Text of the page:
Of the 18 species of bat found in the British Isles, 14 have been recorded
Download a pdf copy
of "Focus On Bats" (661Kb) which is a general introduction to
bats and their life styles. It also gives conservation advice about how
to manage their colonies in buildings and other roost places.
Six species of bats are used as an "indicator species" to measure how UK
wildlife is faring. The six species are Daubenton's,
Horseshoe, Common Pipistrelle,
Soprano Pipistrelle and Serotine. The bat indicators are compiled by the Bat Conservation Trust
using data collected annually from the
Monitoring Programme (NBMP).
In addition to taking part in the NBMP, we assisted Warwickshire County Council with the
Warwickshire Barbastelle Bat Project.
where to see bats
fine summer nights bats start leaving their day roosts around dusk. This
is often the best time to try and spot their silhouettes against the sky
before it gets too dark.
Flying uses up a lot of energy so bats need to catch plenty of insects
to stay healthy; a tiny Pipistrelle may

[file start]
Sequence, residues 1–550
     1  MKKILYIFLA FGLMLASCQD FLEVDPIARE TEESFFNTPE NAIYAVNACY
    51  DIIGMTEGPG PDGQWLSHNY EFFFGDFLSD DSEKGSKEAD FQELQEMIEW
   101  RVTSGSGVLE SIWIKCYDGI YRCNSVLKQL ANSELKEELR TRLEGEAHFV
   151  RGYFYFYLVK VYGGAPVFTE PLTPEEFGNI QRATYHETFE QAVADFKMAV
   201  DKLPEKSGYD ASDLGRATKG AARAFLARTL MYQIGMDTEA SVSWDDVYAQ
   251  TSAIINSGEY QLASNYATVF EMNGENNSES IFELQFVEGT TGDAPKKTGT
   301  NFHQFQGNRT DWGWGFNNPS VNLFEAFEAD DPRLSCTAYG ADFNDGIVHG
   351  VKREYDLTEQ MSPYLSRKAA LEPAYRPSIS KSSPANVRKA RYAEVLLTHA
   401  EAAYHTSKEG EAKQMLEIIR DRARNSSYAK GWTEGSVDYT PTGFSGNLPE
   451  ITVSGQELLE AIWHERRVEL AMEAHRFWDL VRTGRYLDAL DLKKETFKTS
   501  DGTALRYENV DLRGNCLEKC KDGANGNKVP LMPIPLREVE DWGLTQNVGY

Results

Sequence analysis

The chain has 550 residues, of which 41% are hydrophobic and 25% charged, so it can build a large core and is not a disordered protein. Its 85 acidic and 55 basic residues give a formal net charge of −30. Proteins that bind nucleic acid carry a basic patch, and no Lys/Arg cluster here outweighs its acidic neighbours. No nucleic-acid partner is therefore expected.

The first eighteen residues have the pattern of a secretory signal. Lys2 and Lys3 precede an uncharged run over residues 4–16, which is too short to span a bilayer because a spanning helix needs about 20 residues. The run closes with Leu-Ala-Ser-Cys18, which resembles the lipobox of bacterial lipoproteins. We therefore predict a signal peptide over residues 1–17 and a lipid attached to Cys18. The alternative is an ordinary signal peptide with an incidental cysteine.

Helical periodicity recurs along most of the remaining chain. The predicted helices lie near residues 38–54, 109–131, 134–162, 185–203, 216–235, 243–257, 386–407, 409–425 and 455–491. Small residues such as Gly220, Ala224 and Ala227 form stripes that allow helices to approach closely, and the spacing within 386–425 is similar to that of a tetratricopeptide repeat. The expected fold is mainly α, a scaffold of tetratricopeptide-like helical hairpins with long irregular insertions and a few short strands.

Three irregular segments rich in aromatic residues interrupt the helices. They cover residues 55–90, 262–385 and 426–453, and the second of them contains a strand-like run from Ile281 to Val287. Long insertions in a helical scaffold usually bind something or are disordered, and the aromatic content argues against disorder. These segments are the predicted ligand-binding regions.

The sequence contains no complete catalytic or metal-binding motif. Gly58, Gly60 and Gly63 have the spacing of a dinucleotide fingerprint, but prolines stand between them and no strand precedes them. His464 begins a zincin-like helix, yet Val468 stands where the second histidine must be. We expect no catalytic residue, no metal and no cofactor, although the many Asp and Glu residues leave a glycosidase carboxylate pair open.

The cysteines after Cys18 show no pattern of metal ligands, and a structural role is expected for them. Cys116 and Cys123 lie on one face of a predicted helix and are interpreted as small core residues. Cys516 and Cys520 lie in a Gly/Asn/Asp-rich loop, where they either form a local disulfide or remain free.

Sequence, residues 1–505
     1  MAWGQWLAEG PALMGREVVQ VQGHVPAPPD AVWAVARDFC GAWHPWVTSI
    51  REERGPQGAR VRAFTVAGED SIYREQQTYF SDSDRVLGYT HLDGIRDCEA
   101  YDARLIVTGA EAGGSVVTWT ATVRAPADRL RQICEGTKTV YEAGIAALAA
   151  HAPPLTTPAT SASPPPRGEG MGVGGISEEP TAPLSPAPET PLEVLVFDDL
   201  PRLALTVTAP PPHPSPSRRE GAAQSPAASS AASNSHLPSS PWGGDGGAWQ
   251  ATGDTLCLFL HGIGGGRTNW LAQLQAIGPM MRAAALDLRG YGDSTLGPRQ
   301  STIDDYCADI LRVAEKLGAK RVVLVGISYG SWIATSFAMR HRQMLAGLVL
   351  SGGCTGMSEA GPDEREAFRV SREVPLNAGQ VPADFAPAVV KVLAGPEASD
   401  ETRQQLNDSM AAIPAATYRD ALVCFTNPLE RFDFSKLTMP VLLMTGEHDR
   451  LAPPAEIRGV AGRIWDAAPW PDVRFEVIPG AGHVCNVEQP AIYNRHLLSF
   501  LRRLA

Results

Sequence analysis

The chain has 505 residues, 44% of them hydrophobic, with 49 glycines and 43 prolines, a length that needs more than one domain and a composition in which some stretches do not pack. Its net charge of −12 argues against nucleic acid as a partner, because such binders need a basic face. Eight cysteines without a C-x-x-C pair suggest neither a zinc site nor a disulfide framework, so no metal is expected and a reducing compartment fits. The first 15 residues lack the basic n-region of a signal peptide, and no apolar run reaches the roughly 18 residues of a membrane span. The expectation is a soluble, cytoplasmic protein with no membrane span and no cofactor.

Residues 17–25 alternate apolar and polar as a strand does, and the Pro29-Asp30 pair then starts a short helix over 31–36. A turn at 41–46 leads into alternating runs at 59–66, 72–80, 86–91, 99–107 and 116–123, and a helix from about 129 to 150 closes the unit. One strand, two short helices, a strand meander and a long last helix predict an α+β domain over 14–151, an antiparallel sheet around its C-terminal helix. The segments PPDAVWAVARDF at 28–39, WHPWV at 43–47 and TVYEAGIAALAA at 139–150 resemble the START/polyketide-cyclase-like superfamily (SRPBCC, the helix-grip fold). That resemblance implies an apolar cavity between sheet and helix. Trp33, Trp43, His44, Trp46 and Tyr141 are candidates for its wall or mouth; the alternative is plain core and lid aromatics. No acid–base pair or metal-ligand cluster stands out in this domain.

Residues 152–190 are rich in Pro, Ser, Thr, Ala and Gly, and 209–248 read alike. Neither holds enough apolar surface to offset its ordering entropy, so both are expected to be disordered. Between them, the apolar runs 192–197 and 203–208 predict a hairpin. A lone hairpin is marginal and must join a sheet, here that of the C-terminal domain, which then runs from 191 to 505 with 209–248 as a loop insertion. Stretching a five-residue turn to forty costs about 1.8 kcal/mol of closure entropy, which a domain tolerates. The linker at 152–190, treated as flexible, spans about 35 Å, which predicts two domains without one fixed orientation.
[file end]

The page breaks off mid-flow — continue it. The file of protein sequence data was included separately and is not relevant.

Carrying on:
eat up to 3,000 insects in one night! So, the best places to look for
bats is where insects gather at night - around woodland, hedgerows, rivers,
ponds, lakes, gardens, or even white street lights.
According to an on-line survey conducted by the Mammal
Society in 2000, with 34% of the votes, Pipistrelle bats are collectively
the most popular type of bat followed by the Brown/Grey Long-eared bats
and then the Greater/Lesser Horseshoes.
In the summer you could find out about locally organised bat walks (see
our Diary page) where "bat
detectors" allow you to listen in to the ultrasonic calls of
bats as they find their way around in the dark.
bats recorded in Warwickshire
bats in decline
As recently as the 1950's colonies of thousands of bats could be seen
but today even our most common bat, the Pipistrelle, appears to have suffered
serious decline. It is thought to be the result of many factors:
- Timber treatment with toxic chemicals used in lofts can be fatal to
- Roost sites are lost due to vandalism, blocking of access holes, mine
capping and tree felling
- General habitat destruction
- Changes in agricultural practices reducing the number and variety
bats and the law
Under the 1981 Wildlife and Countryside Act and the Countryside and
Rights of Way Act 2000, bats have become amongst
the most protected animals in Britain. The Act makes is illegal to intentionally
kill, injure or disturb a bat, or to damage or obstruct access to any
place that a bat uses for shelter. See our pages on bats
and the law.